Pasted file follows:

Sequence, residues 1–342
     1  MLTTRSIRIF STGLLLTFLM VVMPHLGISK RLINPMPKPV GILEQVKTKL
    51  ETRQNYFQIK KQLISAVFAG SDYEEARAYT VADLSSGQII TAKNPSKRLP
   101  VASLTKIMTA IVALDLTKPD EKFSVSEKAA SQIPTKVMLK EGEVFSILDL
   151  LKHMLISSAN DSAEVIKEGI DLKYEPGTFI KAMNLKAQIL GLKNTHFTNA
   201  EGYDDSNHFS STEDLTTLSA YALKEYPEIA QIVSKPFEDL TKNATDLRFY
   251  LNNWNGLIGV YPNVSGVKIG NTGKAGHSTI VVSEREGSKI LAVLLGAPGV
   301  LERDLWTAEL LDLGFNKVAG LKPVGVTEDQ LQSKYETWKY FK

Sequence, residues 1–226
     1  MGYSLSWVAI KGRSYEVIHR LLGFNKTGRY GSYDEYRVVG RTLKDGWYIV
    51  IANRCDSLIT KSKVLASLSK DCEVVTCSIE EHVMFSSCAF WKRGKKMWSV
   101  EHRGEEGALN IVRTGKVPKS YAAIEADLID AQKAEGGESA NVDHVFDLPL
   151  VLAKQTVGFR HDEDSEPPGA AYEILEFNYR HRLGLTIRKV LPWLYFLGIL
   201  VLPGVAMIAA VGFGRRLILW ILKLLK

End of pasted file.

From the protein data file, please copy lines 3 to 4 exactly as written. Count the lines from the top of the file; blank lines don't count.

    51  ETRQNYFQIK KQLISAVFAG SDYEEARAYT VADLSSGQII TAKNPSKRLP
   101  VASLTKIMTA IVALDLTKPD EKFSVSEKAA SQIPTKVMLK EGEVFSILDL